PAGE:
Schools will need sufficient sinks with clean, running water and soap to ensure that all students can wash their hands regularly. In addition, we need to make sure students are properly washing their hands—washing for at least 20 seconds, scrubbing all parts of the hands, and thoroughly rinsing and drying. With younger students, it’s likely this will require supervision, which means more staff is required or teachers will be taking time away from teaching.

What Do We Do About Compulsory Attendance?

Attendance is required, and many states count chronic absenteeism rates against schools, which sometimes results in incentives or sanctions being issued to encourage school attendance. While these methods may reduce truancy, they also encourage sick children to attend school because of fear of sanctions or loss of the incentive. If we value the health of those who are in school, then we need to press pause on compulsory attendance.

These questions and others like them will need to be answered before we can decide whether schools can open as normal, operate remotely, or pursue a hybrid approach. In order to make sure that practical issues like these are addressed, people who work in classrooms need to be included in the planning. While educators have often been left out of important discussions, we cannot afford to make that mistake now. The results could have life-or-death consequences for our children in 2020.

Educators: What questions are you concerned about? Please leave a comment.

Susan Stone Kessler, Ed.D.Dr. Susan Stone Kessler is an award-winning educator who has spent the past twenty-one years working in schools with Middle Tennessee teenagers. She has been a teacher, an assistant principal, and a high school principal in two Tennessee school districts.


The Principal's Survival GuideSusan is coauthor of The Principal’s Survival Guide: Where Do I Start? How Do I Succeed? When Do I Sleep?

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Preparing Students for Life After Special Education

By Andrew Hawk

Note: This post was written prior to the COVID-19 pandemic. We are publishing it now because the content remains relevant.

Preparing Students for Life After Special EducationDepending on special education students’ exceptionalities, they may exit public education at age 18 or stay until they are 21. No matter what path students take out of public education, the world waiting for them will pose many new challenges with significantly fewer built-in supports.

Unlike at school, at a grown-up job it is unlikely that anyone is going to be on the lookout to see if someone needs accommodations, modifications, or any extra support in general. In many cases, challenges people face in public or in the workplace will be viewed negatively and could result in termination or worse. This is well known to school personnel.

As special education students near graduation, the special education personnel in their lives focus more and more on life after school. Having a transition plan in place is part of special education students’ individual learning plans (IEPs). The challenge is writing plans that are doable and realistic without limiting a student’s potential. Here are some ideas you can try when you help a student prepare for life out of special education.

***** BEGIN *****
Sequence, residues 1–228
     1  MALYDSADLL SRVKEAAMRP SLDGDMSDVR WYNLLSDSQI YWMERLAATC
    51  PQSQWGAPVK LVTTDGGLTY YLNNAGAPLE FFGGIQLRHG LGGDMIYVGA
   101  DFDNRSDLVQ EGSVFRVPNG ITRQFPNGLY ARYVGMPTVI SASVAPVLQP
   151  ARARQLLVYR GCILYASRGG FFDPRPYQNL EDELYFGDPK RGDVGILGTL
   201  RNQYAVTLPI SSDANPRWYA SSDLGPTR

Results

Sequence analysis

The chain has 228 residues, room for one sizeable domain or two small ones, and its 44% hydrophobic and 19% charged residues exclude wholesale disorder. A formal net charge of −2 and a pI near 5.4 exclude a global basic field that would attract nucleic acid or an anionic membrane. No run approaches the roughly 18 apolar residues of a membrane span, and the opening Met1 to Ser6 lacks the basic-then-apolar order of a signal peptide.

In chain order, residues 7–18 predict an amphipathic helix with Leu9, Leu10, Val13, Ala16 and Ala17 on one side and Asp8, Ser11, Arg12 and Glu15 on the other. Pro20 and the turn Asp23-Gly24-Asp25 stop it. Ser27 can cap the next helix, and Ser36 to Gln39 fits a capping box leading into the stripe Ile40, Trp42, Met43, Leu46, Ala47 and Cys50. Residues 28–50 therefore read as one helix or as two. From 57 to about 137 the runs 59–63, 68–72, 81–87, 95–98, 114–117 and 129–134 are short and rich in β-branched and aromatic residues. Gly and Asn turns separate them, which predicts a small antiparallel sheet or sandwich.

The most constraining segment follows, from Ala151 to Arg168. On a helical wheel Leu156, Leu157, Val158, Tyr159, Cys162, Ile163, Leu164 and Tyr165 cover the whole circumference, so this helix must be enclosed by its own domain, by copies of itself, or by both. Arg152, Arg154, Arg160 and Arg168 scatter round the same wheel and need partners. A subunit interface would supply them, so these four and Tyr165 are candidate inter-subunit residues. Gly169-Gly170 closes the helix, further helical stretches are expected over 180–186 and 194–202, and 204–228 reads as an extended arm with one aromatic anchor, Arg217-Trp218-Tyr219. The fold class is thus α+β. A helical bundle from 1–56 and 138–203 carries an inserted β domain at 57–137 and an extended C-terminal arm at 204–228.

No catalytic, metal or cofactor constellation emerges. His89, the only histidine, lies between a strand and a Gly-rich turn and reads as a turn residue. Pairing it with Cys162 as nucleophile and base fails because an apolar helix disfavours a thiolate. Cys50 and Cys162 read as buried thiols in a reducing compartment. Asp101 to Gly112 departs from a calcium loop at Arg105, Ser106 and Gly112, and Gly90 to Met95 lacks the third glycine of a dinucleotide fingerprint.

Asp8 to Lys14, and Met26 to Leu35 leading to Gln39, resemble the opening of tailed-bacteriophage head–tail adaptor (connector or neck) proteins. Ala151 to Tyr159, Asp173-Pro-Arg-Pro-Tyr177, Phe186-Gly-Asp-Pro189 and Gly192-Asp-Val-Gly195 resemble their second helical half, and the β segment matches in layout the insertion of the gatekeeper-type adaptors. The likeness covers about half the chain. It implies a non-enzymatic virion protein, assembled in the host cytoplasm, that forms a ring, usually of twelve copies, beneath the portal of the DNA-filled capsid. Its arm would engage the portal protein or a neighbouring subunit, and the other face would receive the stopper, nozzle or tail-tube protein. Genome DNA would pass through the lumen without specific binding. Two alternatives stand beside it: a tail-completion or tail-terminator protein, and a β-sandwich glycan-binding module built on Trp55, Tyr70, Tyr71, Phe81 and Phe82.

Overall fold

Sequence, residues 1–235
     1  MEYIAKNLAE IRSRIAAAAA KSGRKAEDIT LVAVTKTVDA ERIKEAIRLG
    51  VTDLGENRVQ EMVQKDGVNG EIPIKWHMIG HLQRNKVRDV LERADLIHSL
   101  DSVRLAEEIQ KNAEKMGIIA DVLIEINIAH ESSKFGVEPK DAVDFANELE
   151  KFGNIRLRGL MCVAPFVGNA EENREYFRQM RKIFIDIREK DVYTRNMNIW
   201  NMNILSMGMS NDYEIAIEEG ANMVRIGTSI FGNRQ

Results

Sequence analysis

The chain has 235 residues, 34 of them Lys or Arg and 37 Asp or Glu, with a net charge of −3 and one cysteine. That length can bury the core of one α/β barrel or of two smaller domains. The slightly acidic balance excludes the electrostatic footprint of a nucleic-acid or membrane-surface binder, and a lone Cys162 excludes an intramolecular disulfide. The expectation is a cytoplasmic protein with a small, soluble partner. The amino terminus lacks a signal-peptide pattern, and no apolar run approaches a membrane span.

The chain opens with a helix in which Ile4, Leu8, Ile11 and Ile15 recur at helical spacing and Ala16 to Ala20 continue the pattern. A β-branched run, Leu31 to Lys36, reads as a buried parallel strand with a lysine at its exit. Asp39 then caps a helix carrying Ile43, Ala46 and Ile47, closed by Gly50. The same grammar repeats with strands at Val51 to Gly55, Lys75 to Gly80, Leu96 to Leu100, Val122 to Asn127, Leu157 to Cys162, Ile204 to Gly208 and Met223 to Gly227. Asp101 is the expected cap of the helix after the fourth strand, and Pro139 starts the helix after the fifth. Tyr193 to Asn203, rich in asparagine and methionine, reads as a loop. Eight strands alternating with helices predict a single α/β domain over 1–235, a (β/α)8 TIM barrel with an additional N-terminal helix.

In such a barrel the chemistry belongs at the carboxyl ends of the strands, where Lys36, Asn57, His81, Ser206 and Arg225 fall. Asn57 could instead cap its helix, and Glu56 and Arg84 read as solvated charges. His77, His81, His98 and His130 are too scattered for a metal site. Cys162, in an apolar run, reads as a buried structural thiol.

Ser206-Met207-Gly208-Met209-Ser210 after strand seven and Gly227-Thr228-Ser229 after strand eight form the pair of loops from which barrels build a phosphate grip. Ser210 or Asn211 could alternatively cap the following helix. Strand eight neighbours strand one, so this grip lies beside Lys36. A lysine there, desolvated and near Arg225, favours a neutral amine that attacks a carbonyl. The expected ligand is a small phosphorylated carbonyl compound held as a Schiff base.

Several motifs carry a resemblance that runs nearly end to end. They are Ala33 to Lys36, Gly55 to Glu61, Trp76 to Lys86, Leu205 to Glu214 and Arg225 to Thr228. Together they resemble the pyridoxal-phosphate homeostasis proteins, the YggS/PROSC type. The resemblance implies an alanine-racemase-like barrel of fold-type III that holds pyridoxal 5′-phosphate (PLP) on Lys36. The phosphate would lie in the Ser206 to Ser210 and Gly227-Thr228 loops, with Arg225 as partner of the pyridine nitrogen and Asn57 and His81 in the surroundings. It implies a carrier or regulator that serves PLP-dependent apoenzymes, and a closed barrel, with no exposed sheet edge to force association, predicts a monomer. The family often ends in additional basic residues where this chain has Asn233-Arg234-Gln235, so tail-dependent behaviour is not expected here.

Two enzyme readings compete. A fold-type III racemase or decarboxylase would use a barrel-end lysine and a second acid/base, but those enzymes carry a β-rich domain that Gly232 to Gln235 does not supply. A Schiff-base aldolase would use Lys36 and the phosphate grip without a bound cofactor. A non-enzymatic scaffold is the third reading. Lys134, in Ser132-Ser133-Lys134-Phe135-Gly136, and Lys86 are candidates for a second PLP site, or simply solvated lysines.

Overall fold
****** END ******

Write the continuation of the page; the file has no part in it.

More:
Capitalize on Strengths

The cornerstone of special education is identifying students’ strengths and teaching them to use those strengths to overcome their weaknesses. Once during an initial evaluation meeting for a student who was being identified with a specific learning disability, the student’s mother asked me if her son would “outgrow” the disability.

I explained that he would not outgrow it. However, we would help prepare him for life after school by showing him how to use his strengths to overcome his weakness and to teach himself new material as an adult. This particular student needed visual representations of new material. As he progresses beyond high school, he will need to be able to locate these on his own. Luckily, with Google and YouTube, this is easier today than it was in the past. If you are not sure what your young person’s strengths are, a quick internet search will offer a variety of skills inventories you can use to identify strengths.


You might be surprised to know that students can access testing accommodations after high school. College classes, licensing examinations, even the written test to obtain a driver’s license can be taken with testing accommodations. The thing is, most people are not going to ask if you need accommodations on testing or anything else. Teaching students to self-advocate is another important tool in the toolbox. This can be a challenge, since some students may feel embarrassed to ask for any supports.

Combine Interests and Abilities

This is good advice for anyone making career decisions. Finding work that interests you will help keep you engaged and increase your chances of success. This can be as simple as looking for work that involves being up and moving around or as detailed as planning to attend a college preparation program for a specific career.

Keep Planning

I used to tell my students that the most important thing for success in life is to have a plan. Even if the plan does not include going to college, it is important to plan to do something after high school. This never changes. As people progress through life, something new is always on the horizon. Planning for what comes next makes transitions easier, whether you are getting ready to move into your first apartment or considering a retirement community. Instilling the idea of planning will help students be successful in life.

Be Aware

Years ago I spoke to a distant relative who was preparing to graduate from high school. He told me he was planning to go into the army. I knew he was on a prescription medication for ADHD and that this would prevent him from joining the army. Not wanting to upset him at a family gathering, I talked to his mother at a later time. After verifying what I had told them with the recruiter he had been in contact with, he and his family started working on a new plan for him.